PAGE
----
I’ve recently been adopting Skylum Software’s Luminar as a Photoshop plug-in to replace my aging Nik Collection. Don’t get me wrong, I still love Nik, but it’s outdated and I’m not sure where it’s going to end up (yes, I realize it’s been purchased by DXO). With a little practice, I’ve gotten to the point where Luminar is effectively replacing Silver Efex Pro 2 for monochrome conversion work.
With Luminar I’m able to replicate most of my go-to Nik filters, all in a single plug-in application. Luminar also supports Smart Filters, so you can create non-destructive edits if you use Smart Object layers in Photoshop. Instead of having to run multiple plug-ins (usually Silver Efex and Color Efex), I can do everything in a single interface
This image is a digital infrared capture (590nm) that I processed to emulate deep black (830nm) infrared using Luminar.
Here’s an image that combines several creative techniques that you can use to make your photos more interesting. The original capture was made with an infrared converted Fujifilm X-T1 camera. I then converted the resulting image to monochrome and used a custom texture overlay to add the painterly effect.
A while back, my friends at Singh-Ray filters asked me if I’d be willing to test a new infrared filter. Late last week, I got a sample copy of the new Singh-Ray I-Ray 700nm filter to test and review. Here are my findings.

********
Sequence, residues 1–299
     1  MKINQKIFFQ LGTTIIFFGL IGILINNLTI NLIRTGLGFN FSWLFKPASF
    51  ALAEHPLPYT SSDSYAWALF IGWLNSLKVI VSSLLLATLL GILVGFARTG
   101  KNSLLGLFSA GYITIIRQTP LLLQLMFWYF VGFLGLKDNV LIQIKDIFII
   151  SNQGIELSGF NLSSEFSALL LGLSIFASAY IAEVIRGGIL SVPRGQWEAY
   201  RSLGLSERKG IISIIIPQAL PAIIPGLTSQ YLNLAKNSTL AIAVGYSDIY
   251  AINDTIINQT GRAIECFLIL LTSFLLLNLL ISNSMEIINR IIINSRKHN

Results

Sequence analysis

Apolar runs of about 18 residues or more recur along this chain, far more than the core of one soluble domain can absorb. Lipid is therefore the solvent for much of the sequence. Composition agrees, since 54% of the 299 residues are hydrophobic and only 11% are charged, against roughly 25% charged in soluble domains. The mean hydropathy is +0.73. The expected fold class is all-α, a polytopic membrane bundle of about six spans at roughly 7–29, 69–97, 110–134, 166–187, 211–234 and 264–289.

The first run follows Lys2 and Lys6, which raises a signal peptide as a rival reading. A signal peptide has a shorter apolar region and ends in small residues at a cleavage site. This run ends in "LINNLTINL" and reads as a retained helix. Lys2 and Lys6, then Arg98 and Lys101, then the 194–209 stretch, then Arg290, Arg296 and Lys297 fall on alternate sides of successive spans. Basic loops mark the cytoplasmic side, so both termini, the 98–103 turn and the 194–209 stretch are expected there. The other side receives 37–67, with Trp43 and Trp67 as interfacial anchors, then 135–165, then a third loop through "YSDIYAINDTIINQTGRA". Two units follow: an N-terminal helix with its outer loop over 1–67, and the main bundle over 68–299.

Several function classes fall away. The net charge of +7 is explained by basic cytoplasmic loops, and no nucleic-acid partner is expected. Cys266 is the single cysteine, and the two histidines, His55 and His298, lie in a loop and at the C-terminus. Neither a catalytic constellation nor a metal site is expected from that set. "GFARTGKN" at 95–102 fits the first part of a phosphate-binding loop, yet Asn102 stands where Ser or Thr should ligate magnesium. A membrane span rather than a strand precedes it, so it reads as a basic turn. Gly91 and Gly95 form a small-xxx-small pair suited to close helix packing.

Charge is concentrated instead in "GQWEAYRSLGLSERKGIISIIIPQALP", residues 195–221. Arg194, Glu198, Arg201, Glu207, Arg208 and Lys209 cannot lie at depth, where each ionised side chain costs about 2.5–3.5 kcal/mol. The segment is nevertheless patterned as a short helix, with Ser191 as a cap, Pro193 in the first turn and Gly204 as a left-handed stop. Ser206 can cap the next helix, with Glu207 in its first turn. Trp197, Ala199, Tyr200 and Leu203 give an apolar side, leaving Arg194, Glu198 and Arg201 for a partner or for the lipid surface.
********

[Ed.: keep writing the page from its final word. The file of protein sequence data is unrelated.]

Why should you choose an infrared filter?
First, let me start by asking why one would want to use an infrared filter instead of converting a digital camera to infrared. There are several reasons why you might want an infrared filter:
You don’t have an extra camera lying around to convert to IR
You don’t want to spend $275-$400 to convert a camera
Filters are easy to pack when traveling, and work with all your cameras
You have a full-spectrum or dual-spectrum camera which requires filters
I captured this photograph at a local produce stand using my 590nm infrared converted Fujifilm X-E1 camera and 23mm Fuji lens. I added two Flypaper Textures for the final effect in Photoshop after processing the master file in Lightroom CC.
I captured this image using a Fujifilm X-E1 mirrorless camera that was converted to capture infrared (590nm conversion from Life Pixel Infrared). I liked the combination of textures in the rocks and the deep black sky. I decided to leave the blue tint in the vegetation instead of completely converting the image to monochrome. Had I done that, the vegetation would have disappeared.